Design, though, is a big topic – and can become overwhelming pretty quickly. I’m no expert in it – but I think it’s possible to learn a few key points with a little elbow grease (at least that’s my hope!).
I’ve started slowly – first reading Slide:ology by Nancy Duarte – which is mostly business-centric – but a good overview (and leverages to the day job). And I’m currently working through The Information Design Handbook by Jenn and Ken Visocky O’Grady (this one has a bit more detail). That said, neither of these are directed at photography – and that’s where Michael Freeman’s The Photographer’s Eye comes in.
Bottom line – good book. This one walks the reader through photographic construction materials that help build a final product – pieces that can be assembled in the viewfinder and some that can be influenced after image capture. It also helped me put a fine point on some concepts that I simply hadn’t taken the time to study.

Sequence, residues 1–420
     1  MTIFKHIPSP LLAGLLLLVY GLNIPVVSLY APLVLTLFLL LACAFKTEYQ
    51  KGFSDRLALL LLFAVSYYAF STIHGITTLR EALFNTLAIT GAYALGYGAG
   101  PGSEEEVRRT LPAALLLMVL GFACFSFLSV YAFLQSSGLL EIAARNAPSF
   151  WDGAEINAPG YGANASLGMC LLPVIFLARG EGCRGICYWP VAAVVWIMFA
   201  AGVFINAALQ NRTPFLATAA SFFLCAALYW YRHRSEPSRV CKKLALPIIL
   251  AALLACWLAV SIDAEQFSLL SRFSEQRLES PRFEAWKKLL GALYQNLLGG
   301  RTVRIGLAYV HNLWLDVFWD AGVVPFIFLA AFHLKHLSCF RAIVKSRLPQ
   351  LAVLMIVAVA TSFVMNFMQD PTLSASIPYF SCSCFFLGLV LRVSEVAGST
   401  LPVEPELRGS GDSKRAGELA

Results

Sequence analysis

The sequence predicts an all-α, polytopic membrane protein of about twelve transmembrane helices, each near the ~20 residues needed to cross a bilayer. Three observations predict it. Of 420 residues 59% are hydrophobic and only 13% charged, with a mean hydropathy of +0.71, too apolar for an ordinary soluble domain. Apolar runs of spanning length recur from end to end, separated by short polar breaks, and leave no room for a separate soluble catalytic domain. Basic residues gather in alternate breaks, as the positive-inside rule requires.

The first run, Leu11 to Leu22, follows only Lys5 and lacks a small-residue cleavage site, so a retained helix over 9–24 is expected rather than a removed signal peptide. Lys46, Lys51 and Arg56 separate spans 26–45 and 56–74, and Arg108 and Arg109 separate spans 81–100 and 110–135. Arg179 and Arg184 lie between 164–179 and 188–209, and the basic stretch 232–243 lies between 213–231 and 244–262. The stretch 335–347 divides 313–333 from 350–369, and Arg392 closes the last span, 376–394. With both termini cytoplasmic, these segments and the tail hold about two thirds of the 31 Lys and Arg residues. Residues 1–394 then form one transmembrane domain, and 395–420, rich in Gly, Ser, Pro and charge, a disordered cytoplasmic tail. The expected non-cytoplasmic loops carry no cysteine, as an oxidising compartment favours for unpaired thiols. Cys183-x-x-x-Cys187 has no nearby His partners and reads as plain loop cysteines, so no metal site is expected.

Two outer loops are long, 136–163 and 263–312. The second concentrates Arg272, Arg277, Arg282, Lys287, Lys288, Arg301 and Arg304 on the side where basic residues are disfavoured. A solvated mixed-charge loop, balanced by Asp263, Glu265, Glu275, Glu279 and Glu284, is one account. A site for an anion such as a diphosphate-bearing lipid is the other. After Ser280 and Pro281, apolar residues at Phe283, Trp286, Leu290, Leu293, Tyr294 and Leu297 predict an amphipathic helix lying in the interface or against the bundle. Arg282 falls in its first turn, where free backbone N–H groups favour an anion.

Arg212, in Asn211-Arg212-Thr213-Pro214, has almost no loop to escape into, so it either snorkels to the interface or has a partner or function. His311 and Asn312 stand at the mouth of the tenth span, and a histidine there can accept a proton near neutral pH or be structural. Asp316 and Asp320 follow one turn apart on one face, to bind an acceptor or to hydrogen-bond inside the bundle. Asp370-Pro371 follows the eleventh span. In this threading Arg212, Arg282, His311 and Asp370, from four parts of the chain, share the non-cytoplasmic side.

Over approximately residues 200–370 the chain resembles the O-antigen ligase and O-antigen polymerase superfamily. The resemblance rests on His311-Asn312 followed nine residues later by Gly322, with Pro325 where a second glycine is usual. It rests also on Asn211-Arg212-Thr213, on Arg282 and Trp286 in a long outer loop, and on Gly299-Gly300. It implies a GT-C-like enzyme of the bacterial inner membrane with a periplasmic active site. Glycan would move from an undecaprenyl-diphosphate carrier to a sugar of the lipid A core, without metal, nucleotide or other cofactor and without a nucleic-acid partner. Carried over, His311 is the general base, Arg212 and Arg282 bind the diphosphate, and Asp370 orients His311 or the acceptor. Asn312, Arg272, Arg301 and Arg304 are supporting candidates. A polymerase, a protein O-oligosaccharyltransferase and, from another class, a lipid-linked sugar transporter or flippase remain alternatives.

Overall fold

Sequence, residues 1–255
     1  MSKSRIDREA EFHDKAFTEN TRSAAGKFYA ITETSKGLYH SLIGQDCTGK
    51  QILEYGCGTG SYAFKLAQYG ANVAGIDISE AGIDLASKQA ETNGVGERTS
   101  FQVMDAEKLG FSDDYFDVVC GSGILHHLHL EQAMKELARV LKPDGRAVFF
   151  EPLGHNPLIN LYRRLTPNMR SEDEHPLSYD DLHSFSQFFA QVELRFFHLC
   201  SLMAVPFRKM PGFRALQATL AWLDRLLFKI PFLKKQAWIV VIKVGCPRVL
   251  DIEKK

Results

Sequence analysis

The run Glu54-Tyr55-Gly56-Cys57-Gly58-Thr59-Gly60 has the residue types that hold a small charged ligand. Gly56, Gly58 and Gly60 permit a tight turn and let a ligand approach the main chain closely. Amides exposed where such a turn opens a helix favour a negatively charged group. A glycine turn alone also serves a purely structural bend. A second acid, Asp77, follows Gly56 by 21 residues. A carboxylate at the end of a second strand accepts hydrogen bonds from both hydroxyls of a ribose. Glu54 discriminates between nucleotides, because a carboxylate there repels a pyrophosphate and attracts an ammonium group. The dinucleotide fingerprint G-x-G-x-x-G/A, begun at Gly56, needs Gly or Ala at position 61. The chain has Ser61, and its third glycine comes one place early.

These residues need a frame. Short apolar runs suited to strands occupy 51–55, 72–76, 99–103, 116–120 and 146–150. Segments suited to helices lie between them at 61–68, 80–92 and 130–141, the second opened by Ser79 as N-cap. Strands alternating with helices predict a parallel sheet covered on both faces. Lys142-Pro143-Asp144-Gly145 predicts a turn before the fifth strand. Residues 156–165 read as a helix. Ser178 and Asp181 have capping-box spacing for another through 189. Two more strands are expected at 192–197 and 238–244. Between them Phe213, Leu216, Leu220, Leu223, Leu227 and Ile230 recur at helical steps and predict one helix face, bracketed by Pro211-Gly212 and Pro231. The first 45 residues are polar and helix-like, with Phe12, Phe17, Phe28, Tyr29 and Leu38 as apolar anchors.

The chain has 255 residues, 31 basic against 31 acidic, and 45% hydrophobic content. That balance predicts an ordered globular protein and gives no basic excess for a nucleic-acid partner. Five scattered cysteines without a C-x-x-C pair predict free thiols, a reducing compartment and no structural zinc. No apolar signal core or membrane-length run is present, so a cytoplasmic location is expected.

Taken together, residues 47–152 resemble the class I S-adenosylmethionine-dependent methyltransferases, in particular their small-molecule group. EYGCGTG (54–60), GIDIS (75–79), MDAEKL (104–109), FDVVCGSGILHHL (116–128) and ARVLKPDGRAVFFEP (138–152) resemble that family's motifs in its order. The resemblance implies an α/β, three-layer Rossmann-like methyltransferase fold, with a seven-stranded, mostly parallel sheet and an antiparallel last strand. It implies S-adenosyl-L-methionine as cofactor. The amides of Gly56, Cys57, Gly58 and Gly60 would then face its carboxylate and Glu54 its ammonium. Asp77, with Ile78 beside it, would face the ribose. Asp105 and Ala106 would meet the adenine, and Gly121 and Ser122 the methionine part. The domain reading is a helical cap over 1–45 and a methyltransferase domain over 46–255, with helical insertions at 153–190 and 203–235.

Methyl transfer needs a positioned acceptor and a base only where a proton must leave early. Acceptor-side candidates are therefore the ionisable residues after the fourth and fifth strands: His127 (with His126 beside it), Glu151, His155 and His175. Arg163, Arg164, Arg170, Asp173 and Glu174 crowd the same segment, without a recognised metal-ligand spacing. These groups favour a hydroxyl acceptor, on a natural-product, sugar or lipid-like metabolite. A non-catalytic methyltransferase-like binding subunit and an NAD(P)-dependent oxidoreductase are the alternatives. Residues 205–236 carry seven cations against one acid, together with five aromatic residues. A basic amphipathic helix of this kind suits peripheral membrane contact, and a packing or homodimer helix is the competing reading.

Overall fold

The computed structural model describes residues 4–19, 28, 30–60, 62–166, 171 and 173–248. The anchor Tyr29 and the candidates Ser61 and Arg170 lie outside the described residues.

This is a fairly short read – only 6 chapters spread over 200 pages. Each page is essentially it’s own section within a chapter – making it quite easy to read only a few pages if you’re trying to squeeze in some reading time. Chapters include: The Image Frame, Design Basics, Graphic & Photographic Elements, Composing with Light and Color, Intent, Process.
I found Freeman to be approachable and detailed enough – given the scope of this book. Yes – he could have been more technical – but he would have risked diluting his message. He also nicely balances explanations with good photographic examples.
One nit – it would have been my preference to cut “esoteric methods of preparation” within his section on “Reaction” – as it didn’t add to his solid work – but fortunately – this is a very (very) small part of the book.
Overall – if you’re looking for a primer on photographic composition and design – this is good place to start.